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Venus Mobile Explorer Mission to Venus

Mission Type: Aerial
Total Cost: $3-4 Billion Cap
Venus Exploration analysis Group (VEXAG)

Venus Exploration Goals, Objectives, Investigations, and Priorities: 2007

Report of the Venus Exploration Analysis Group (VEXAG) October 2007

The primary goals of the Venus Mobile Explorer (VME) mission are to answer fundamental questions pertaining to Venus's geologic past, present and future, as defined in the Venus Exploration Analysis Group's (VEXAG) goals for the exploration of Venus in the coming decades.

The Venus Mobile Explorer Mission (VME) is a Flagship class mission that would focus on searching for evidence of past climate change both on the surface and in the atmospheric composition as well as in the interior dynamics of the planet. In order to achieve these goals and objectives, many key technologies need to be developed for the Venus extreme environment. The long lived in-situ mission would provide aerial mobility close to the surface (approximately 10 kilometers above the surface) using metallic bellows to tolerate the extreme environment of Venus, where the temperature reaches 460°C, and the pressure is up to 90 bars, and the super critical carbon dioxide atmosphere is highly corrosive.

At the surface, VME would perform extensive measurements, including a search for granitic and sedimentary rocks, analysis of the crust and measurements of the oxidation and mineralogical state of iron. These experiments would enable the determination of how long ago an ocean disappeared from Venus and, therefore, how long Venus may have had for potentially nurturing life. VME could expand our understanding of the interconnected cycles of chemistry, volcanism, and climate on Venus, crucial for interpreting the spectral signatures and other data we would obtain eventually from terrestrial planets around other stars.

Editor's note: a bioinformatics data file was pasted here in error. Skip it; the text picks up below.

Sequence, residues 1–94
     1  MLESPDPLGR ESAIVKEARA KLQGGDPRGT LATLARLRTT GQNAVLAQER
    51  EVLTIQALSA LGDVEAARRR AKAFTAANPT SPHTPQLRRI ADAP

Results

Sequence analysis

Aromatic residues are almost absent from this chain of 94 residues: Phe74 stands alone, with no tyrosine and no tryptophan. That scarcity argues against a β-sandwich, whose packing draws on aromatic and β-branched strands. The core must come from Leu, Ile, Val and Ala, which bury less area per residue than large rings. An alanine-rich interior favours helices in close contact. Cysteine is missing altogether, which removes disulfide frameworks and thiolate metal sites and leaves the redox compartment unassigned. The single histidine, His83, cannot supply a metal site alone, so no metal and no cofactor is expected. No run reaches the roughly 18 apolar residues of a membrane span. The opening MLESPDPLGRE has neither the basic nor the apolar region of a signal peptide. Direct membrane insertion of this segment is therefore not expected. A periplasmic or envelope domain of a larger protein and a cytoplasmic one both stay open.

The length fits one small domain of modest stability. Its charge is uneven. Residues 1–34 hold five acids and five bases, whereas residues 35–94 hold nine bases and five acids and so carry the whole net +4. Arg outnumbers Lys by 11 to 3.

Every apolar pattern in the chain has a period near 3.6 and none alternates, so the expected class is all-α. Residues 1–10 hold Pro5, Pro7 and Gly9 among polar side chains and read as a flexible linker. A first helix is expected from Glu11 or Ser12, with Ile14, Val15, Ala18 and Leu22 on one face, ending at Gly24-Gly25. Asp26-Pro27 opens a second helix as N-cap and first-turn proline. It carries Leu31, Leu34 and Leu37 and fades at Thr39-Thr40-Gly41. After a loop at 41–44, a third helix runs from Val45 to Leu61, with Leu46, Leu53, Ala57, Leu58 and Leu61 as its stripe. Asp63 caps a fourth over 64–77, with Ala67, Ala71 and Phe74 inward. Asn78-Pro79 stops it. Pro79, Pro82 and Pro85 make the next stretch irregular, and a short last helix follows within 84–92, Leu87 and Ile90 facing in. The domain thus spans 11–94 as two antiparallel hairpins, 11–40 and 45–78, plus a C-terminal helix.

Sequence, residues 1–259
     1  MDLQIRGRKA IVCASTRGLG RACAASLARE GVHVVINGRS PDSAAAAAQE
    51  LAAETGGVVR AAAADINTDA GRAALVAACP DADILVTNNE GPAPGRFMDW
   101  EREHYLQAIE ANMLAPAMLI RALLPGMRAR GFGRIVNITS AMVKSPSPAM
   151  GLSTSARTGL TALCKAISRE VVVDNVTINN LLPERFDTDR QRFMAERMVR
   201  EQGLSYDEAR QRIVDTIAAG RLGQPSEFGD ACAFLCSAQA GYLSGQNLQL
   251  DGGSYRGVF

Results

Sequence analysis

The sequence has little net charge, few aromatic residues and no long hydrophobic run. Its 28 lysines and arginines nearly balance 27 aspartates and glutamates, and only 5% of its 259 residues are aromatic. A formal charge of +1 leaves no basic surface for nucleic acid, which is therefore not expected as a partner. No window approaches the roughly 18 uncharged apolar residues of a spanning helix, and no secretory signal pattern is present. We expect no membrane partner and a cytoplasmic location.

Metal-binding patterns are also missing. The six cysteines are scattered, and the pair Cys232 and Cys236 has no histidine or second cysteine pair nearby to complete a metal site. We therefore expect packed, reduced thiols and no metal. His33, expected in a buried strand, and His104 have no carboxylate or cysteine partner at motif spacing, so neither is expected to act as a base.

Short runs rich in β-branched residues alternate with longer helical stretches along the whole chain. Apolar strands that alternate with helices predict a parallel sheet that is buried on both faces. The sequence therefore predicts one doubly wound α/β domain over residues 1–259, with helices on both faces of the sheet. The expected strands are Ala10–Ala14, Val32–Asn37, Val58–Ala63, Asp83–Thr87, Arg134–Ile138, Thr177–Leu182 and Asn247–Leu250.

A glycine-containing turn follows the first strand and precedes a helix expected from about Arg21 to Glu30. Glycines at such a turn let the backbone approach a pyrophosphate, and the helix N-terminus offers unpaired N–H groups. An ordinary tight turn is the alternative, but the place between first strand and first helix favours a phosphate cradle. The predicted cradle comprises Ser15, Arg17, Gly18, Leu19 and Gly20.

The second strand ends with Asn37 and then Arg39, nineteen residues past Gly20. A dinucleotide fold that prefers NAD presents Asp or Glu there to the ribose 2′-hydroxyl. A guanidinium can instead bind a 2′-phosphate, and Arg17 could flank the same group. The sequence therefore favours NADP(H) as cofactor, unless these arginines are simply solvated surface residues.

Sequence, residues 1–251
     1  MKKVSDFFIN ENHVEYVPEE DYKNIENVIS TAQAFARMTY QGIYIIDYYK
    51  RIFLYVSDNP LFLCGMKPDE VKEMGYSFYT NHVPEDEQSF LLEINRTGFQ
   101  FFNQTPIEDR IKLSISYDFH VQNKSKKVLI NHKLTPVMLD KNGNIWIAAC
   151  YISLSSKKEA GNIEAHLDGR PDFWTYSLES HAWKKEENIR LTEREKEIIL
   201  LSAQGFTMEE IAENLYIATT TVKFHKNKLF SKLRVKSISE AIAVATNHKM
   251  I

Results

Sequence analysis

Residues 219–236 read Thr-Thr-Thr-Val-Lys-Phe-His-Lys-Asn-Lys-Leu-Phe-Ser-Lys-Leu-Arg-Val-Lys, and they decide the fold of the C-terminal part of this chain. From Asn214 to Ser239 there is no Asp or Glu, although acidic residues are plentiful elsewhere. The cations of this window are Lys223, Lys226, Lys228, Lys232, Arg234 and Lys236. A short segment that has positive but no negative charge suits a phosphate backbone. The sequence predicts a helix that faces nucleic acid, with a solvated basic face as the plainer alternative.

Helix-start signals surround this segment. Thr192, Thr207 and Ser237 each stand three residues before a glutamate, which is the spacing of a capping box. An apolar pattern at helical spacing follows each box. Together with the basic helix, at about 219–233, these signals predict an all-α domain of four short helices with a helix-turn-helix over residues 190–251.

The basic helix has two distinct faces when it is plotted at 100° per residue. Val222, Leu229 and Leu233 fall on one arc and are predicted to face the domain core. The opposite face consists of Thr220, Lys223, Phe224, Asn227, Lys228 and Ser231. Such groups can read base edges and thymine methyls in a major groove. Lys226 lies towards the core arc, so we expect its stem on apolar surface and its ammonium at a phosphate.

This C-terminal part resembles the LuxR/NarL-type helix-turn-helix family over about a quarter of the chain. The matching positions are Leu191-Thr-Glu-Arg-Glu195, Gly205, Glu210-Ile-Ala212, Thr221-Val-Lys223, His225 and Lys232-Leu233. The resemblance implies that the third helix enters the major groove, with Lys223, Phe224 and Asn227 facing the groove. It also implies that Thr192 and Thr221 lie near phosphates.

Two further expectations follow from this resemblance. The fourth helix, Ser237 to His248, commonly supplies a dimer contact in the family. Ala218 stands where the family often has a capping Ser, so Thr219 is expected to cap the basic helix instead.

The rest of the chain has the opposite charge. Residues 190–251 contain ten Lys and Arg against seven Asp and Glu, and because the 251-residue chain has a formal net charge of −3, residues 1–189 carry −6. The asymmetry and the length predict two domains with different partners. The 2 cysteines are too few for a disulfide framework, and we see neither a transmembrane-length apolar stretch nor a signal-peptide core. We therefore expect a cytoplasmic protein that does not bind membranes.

Key Dates
This is a mission concept. No launch date has been determined yet.
Fast Facts
VME Facts The atmosphere of Venus is mostly carbon dioxide, which traps heat -- causing the surface temperatures to be about 460°C (860°F)

A Venusian year (orbital period) is about 225 Earth days long, while the planet's rotation period is 243 Earth days, making a Venus day about 117 Earth days long.

Study of climate change on Venus might answer important questions about important issues such as global warming and climate change here on Earth.
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Last Updated: 2 Dec 2010